The best savings plan is the one where you never see the money you save. If you're not in a position to take huge chunks of your pay out automatically every month (or you just want to save more), try a personal tax.
Money picture from Shutterstock
As finance blog Sweating the Big Stuff explains, a personal tax is one that you charge yourself every time you make a purchase that isn't strictly necessary. Not only will this method make you think twice about superfluous purchases, it will help grow your savings whenever you do indulge:
Whenever you buy something that isn't a necessity, you impose a 100% tax on yourself that goes toward your savings account. For example, if there is a Blu-Ray you want to buy on Amazon for $20, you have to have $40 to spend on it. $20 goes to the Blu-Ray and $20 goes to the savings account...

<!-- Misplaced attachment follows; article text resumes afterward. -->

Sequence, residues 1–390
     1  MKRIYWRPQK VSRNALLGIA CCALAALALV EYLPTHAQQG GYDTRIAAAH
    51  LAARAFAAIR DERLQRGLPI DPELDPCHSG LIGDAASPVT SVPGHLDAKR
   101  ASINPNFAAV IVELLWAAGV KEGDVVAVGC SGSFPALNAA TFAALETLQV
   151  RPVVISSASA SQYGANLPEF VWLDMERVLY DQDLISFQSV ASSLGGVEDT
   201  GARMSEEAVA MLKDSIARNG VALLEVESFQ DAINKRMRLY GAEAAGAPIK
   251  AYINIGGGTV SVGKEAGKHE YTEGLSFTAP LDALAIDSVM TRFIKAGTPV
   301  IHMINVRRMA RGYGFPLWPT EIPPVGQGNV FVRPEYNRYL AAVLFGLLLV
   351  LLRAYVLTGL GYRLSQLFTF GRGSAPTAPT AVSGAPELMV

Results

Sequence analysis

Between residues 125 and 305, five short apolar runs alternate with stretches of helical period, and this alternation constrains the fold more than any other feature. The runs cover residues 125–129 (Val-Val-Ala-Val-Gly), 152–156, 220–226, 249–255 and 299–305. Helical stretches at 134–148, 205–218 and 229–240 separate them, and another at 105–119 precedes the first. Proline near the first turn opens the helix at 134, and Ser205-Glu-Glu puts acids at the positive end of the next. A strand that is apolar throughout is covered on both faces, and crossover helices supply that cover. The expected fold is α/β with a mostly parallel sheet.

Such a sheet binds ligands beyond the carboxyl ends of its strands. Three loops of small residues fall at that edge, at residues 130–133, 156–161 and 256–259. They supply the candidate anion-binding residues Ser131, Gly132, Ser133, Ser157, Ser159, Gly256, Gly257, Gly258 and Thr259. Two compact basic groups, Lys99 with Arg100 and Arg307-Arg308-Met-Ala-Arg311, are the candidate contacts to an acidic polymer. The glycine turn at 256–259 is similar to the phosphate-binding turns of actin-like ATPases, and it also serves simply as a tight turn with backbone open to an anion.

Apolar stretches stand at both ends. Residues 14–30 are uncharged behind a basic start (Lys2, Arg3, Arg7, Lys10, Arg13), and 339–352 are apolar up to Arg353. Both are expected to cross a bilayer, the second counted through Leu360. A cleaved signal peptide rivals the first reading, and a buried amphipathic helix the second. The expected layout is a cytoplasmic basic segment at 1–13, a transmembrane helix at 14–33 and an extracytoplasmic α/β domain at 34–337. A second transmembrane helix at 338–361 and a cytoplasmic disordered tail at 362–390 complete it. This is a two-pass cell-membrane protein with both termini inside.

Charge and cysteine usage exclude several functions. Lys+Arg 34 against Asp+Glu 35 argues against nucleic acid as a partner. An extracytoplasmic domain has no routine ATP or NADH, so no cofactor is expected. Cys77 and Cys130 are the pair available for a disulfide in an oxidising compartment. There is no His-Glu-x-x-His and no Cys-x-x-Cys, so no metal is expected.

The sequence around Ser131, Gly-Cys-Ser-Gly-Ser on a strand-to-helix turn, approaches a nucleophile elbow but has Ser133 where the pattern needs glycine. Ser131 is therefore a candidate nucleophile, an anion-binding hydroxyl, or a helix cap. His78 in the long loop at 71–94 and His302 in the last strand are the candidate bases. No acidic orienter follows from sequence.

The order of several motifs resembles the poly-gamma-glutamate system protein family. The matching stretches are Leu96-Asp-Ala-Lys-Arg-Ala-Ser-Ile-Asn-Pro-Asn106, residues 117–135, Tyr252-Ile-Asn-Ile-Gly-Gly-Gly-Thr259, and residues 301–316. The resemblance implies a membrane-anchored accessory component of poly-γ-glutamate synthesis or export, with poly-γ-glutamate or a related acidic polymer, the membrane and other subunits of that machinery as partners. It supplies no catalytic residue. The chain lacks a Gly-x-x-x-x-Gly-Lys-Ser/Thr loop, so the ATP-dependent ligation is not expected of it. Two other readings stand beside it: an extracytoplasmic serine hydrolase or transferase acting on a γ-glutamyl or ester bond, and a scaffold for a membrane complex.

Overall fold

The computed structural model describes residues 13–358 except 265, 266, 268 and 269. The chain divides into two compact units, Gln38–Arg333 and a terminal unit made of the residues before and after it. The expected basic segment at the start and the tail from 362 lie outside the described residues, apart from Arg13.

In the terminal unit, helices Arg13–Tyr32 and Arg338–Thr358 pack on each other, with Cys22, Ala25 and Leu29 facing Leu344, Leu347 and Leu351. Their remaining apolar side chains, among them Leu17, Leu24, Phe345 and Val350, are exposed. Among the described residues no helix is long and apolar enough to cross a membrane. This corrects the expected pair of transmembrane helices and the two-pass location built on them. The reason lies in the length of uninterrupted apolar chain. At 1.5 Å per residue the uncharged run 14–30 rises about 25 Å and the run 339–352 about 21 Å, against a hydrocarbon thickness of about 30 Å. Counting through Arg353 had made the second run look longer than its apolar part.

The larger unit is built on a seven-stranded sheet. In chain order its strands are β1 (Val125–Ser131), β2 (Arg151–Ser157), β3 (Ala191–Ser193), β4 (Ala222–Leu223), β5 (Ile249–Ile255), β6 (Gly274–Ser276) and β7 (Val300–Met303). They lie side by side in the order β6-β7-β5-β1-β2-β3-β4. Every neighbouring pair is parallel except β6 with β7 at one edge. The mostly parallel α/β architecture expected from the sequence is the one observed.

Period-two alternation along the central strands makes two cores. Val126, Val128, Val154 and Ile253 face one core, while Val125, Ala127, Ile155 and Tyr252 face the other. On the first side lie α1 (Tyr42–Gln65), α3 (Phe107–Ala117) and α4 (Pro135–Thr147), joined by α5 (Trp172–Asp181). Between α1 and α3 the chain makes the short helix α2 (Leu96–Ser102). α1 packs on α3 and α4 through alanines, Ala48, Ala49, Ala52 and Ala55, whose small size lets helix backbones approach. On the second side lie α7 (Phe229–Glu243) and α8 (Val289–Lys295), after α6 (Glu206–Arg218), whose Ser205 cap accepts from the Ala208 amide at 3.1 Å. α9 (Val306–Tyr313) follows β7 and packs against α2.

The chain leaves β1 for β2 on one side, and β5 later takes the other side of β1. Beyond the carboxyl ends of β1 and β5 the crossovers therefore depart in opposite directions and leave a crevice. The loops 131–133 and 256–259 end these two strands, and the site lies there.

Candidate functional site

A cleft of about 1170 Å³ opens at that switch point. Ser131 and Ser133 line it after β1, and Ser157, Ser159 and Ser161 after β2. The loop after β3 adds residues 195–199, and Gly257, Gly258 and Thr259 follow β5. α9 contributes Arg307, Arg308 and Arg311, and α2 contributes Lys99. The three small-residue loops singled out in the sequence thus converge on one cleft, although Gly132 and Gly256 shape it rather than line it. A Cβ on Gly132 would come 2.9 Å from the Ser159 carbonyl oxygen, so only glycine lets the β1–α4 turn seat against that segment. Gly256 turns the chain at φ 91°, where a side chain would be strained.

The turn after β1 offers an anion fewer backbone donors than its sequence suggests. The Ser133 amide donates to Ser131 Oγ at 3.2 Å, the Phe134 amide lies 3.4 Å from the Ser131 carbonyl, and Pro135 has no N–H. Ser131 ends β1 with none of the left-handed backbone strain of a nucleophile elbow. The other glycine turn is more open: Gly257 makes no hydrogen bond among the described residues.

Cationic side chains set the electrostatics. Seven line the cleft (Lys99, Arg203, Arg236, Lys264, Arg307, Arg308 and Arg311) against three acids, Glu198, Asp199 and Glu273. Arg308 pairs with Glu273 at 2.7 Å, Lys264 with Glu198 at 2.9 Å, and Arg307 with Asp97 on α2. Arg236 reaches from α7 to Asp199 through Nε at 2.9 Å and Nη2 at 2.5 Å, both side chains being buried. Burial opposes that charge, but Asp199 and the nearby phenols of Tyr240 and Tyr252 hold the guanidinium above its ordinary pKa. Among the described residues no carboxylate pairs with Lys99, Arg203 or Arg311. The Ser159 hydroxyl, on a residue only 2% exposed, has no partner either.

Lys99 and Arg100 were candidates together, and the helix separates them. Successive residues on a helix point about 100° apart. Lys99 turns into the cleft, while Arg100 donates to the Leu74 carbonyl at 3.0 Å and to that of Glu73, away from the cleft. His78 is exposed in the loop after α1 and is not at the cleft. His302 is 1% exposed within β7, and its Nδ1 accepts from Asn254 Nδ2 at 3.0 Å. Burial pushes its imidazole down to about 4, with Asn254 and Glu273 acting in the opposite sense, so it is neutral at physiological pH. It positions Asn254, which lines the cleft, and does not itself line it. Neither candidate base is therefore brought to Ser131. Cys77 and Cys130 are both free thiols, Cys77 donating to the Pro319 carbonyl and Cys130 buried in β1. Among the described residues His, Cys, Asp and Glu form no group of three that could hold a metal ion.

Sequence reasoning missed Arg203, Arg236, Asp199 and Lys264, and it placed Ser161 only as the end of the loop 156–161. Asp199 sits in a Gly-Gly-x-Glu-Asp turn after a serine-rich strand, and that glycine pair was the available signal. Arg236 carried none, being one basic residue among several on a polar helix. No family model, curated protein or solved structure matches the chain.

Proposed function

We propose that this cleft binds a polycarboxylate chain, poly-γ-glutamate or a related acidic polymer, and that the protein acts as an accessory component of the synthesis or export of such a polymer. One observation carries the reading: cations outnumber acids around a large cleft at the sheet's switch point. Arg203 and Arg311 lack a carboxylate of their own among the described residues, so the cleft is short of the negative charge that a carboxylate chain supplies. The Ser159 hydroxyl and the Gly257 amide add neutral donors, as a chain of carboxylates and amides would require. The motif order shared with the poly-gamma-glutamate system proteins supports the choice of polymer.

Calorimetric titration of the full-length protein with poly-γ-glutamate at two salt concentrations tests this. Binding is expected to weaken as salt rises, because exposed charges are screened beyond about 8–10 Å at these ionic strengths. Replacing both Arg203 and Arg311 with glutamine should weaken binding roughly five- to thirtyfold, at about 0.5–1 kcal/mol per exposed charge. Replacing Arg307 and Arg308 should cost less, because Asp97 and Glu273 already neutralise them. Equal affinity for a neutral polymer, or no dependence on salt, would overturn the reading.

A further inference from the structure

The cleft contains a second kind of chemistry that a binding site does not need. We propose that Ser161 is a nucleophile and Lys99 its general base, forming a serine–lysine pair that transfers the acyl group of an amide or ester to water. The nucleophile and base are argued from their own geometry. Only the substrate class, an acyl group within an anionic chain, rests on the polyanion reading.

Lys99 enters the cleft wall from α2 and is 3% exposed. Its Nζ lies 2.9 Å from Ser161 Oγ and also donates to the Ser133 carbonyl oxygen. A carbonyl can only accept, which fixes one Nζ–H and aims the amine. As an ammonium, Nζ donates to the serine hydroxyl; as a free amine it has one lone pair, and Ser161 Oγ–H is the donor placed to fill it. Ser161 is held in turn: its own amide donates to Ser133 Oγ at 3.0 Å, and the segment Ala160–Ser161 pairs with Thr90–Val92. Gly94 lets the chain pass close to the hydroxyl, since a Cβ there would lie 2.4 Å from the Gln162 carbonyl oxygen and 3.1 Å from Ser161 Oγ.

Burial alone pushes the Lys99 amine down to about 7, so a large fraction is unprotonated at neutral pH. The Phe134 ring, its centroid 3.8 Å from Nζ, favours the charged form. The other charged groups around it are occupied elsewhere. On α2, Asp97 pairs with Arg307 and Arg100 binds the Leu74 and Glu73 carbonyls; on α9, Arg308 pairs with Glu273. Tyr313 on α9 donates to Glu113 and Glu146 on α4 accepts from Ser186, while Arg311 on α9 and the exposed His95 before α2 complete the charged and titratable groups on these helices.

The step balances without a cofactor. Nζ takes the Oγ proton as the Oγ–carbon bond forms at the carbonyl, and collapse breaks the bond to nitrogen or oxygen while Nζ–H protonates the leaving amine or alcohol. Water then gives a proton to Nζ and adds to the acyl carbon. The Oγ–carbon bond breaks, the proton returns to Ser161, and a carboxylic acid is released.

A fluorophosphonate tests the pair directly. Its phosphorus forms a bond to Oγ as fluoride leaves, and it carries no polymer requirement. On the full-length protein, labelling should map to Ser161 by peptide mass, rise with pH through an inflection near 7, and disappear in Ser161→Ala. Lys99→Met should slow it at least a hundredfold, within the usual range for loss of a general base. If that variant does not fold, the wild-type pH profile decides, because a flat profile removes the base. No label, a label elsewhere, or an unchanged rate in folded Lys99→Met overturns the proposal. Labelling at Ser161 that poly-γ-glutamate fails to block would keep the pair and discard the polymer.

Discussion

There's no 'I can't afford it' because this only applies to non-necessary purchases. You don't need to match your rent and food spending, only items and activities that you choose to partake in. Your needs aren't taxed, only your wants are.
Since it's a personal tax, you can decide for yourself how much you want to contribute (though the 100 per cent rate is a good place to start). Even if you can't do a high percentage, contributing something every time you buy fun items is better than nothing.